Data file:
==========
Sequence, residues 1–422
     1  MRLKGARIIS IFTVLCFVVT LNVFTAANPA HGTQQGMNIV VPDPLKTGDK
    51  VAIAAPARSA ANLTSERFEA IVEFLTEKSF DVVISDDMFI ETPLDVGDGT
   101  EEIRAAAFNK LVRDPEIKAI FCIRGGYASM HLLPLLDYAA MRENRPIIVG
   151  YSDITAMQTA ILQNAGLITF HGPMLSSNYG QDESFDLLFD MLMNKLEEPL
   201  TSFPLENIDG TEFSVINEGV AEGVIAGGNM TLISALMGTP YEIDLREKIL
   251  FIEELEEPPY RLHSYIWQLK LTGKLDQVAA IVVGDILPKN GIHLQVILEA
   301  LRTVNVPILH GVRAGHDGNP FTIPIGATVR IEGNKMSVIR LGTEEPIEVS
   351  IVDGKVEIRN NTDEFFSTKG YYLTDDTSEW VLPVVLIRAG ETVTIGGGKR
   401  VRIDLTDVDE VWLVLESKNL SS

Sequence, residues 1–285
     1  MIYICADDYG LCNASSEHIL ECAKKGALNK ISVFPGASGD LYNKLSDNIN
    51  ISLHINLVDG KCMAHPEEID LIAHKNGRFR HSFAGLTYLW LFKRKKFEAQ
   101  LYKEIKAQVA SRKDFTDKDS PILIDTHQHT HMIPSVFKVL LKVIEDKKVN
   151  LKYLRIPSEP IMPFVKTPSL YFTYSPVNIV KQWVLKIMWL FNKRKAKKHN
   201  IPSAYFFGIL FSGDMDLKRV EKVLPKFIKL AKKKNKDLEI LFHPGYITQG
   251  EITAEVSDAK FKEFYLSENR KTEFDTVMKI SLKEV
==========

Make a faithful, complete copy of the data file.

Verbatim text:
Sequence, residues 1–422
     1  MRLKGARIIS IFTVLCFVVT LNVFTAANPA HGTQQGMNIV VPDPLKTGDK
    51  VAIAAPARSA ANLTSERFEA IVEFLTEKSF DVVISDDMFI ETPLDVGDGT
   101  EEIRAAAFNK LVRDPEIKAI FCIRGGYASM HLLPLLDYAA MRENRPIIVG
   151  YSDITAMQTA ILQNAGLITF HGPMLSSNYG QDESFDLLFD MLMNKLEEPL
   201  TSFPLENIDG TEFSVINEGV AEGVIAGGNM TLISALMGTP YEIDLREKIL
   251  FIEELEEPPY RLHSYIWQLK LTGKLDQVAA IVVGDILPKN GIHLQVILEA
   301  LRTVNVPILH GVRAGHDGNP FTIPIGATVR IEGNKMSVIR LGTEEPIEVS
   351  IVDGKVEIRN NTDEFFSTKG YYLTDDTSEW VLPVVLIRAG ETVTIGGGKR
   401  VRIDLTDVDE VWLVLESKNL SS

Sequence, residues 1–285
     1  MIYICADDYG LCNASSEHIL ECAKKGALNK ISVFPGASGD LYNKLSDNIN
    51  ISLHINLVDG KCMAHPEEID LIAHKNGRFR HSFAGLTYLW LFKRKKFEAQ
   101  LYKEIKAQVA SRKDFTDKDS PILIDTHQHT HMIPSVFKVL LKVIEDKKVN
   151  LKYLRIPSEP IMPFVKTPSL YFTYSPVNIV KQWVLKIMWL FNKRKAKKHN
   201  IPSAYFFGIL FSGDMDLKRV EKVLPKFIKL AKKKNKDLEI LFHPGYITQG
   251  EITAEVSDAK FKEFYLSENR KTEFDTVMKI SLKEV